We moms in particular love to display our happiest moments... you know: the smiling children, the doting husbands, the perfect hair.
No matter what account we present publicly, it is no secret that ALL our journeys include less-than-stellar plot lines. And yet we prefer keeping those flawed narratives on the down-low, under the radar, out of circulation.
I get that. I really do. And I’m not suggesting that we all post three-thousand-word tell-all status updates on Facebook informing strangers about our inmost struggles and woes.
What I am suggesting is this... putting forth only polished perfection and groomed gorgeousness merely presents shiny shallowness; but sharing a few of our less-than-lustrous life moments invites connection, sparks authenticity, stirs hope.
Here’s a great example. Take a look at this picture of my niece Maya at the park:
SUCH a happy girl, don’t you think? But even more amazing is what we DON’T see in this photograph.
We don’t see Maya’s mama climbing closely behind, assisting the awkward clamber up the ladder.
We don’t see Maya’s struggle to simply sit at the top, the result of muscle weakness from Mitochondrial Disease.
We don’t see helping hands standing Maya back on her feet at the bottom.
We don’t see the backpack harboring a total parenteral nutrition pump that literally provides Maya’s nutrients and medication non-stop, 24 hours a day.
We don’t see three tubes attached to her abdominal area or the central line attached to her chest.
We don’t see Maya’s mom run to get the wheelchair because, after three times down the slide, her energy depleted.
Because I now know all that I missed from this seemingly simple photograph, I find the image deep and moving and inspirational in a way that lacked before I knew.
And as I ponder this one moment in time and the story in what I didn’t see - I think about people who crossed my path even today. What in their stories did I miss?
Please don’t mistake my sentiment here: there is absolutely nothing wrong with putting our best foot forward, so to speak; however, I submit that there is something altogether intimate and freeing about sharing our story -- the WHOLE story.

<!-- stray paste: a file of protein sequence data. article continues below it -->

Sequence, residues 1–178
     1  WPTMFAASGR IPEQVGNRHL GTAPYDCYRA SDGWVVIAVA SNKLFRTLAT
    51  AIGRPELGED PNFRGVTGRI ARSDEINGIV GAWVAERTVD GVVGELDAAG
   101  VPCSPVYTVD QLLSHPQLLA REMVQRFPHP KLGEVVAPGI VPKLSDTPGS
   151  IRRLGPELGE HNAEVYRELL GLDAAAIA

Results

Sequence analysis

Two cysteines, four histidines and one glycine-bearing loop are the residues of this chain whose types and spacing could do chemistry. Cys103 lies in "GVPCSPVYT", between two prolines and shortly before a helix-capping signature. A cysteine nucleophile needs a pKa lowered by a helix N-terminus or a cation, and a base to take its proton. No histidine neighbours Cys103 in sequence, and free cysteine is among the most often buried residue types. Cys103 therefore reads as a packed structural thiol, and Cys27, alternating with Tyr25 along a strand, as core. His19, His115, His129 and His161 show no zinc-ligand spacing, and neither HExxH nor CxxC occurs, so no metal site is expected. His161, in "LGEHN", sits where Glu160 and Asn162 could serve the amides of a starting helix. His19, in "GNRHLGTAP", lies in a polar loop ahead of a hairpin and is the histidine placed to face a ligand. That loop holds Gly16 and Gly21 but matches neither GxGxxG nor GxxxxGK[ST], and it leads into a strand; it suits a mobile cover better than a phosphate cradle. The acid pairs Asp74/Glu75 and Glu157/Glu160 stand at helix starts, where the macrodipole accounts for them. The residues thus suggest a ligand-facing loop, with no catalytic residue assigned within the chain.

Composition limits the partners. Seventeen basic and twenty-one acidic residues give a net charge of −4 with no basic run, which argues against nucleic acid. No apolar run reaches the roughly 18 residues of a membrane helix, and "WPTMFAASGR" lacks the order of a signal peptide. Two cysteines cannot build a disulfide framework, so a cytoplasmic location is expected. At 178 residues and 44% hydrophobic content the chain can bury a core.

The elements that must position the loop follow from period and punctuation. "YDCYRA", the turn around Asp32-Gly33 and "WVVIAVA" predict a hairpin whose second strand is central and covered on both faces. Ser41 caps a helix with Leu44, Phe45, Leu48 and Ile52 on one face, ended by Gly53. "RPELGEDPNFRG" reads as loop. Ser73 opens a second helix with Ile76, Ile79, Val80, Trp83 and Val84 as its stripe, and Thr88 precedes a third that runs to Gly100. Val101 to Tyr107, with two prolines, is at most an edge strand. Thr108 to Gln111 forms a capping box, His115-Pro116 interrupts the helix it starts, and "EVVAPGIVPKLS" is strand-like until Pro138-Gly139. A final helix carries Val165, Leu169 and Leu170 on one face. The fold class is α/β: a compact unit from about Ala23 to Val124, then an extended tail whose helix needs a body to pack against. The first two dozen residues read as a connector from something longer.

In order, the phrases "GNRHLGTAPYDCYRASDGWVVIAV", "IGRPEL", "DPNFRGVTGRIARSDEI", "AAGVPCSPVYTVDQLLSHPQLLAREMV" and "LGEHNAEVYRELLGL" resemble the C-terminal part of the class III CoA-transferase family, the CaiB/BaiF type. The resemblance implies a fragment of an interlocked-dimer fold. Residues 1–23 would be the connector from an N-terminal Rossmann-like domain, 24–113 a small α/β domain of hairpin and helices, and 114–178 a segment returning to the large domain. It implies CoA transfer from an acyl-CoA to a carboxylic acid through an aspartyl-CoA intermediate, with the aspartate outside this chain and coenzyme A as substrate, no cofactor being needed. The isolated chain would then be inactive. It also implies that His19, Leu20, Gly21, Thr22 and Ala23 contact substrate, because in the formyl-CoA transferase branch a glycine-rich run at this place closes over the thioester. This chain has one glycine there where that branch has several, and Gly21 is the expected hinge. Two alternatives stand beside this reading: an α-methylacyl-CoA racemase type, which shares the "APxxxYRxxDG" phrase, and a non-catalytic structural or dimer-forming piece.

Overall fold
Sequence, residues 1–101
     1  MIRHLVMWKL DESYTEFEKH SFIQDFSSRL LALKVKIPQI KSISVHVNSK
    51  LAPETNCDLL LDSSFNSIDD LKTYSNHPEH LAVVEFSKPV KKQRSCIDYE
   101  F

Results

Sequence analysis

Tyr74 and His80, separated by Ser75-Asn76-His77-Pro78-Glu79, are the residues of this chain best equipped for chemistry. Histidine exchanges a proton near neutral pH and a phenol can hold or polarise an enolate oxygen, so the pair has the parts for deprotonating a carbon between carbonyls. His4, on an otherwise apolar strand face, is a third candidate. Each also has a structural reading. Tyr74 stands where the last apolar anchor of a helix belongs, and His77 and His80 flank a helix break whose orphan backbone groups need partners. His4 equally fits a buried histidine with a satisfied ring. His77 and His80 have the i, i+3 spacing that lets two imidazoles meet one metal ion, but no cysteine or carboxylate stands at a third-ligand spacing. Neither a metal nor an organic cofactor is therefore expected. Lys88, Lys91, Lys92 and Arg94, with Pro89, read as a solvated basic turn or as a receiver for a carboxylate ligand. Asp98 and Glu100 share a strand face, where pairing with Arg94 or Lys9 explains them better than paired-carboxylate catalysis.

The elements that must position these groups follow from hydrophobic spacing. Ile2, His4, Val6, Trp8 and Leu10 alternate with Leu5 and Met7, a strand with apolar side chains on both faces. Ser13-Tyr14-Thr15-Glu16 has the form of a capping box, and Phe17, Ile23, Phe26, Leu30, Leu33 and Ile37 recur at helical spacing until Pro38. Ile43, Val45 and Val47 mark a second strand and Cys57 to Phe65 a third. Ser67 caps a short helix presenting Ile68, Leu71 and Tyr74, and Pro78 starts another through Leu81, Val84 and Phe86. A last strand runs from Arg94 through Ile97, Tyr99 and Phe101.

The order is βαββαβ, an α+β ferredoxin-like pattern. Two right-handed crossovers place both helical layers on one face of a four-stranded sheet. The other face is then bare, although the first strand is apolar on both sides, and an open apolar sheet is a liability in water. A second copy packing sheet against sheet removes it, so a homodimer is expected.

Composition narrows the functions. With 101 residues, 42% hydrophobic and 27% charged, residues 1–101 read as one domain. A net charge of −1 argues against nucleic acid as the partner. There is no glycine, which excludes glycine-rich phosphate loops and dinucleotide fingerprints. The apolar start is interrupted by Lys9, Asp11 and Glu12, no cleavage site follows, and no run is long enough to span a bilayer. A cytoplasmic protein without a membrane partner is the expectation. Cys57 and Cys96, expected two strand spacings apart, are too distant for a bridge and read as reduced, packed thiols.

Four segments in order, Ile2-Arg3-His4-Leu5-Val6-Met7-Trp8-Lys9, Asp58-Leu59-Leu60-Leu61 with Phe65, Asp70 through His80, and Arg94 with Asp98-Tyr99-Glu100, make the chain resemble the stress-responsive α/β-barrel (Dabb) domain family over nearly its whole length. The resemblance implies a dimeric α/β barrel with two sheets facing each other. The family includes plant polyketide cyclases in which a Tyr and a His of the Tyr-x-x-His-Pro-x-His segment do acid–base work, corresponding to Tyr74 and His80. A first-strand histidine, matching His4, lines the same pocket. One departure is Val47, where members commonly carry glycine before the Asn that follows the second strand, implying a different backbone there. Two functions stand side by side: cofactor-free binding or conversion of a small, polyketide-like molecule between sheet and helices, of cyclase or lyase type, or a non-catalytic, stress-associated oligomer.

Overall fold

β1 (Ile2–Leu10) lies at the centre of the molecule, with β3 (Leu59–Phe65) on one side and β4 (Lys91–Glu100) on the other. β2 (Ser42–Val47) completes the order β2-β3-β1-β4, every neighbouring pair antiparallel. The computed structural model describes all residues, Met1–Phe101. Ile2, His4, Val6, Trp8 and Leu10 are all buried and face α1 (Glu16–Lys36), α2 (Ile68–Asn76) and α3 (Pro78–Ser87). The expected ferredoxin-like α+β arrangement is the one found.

It’s why my sister-in-law shares both the ups AND the downs, the joys AND the heartaches of mothering a special needs child with a debilitating disease.
She wants people to know the WHOLE story -- that while Maya is very sick, her illness does NOT define her; that while Maya struggles to focus and learn, her disease enables her to see life through a different, often clearer, more holy lens.
Like Maya, we ALL fall short of perfection. Each of us -- uniquely eclectic and beautifully blemished -- carries inside tragic story elements. What is it for you... loneliness or depression? frustration or disappointment? pain or heartache? sorrow or grief?
What is affecting your every moment and movement?
Maya’s smiley playground photo brings no clarity to her story; but coupled with just a few unseen -- albeit difficult -- details, and suddenly clarity! depth! inspiration!
Neither mistakes, diseases, or obstacles nor accolades, commendations, or accomplishments alone define us. But together, with God’s help, they all work to refine us.
Sometimes sharing our refining process with others - the good, the bad AND the ugly - is what draws us into deeper connecting, heightened authenticity and invigorating hope.
At the very least, may we be mindful that what we don’t see is every bit a part of a person’s story as what we do.
Thankfully Serving the God Who Sees,
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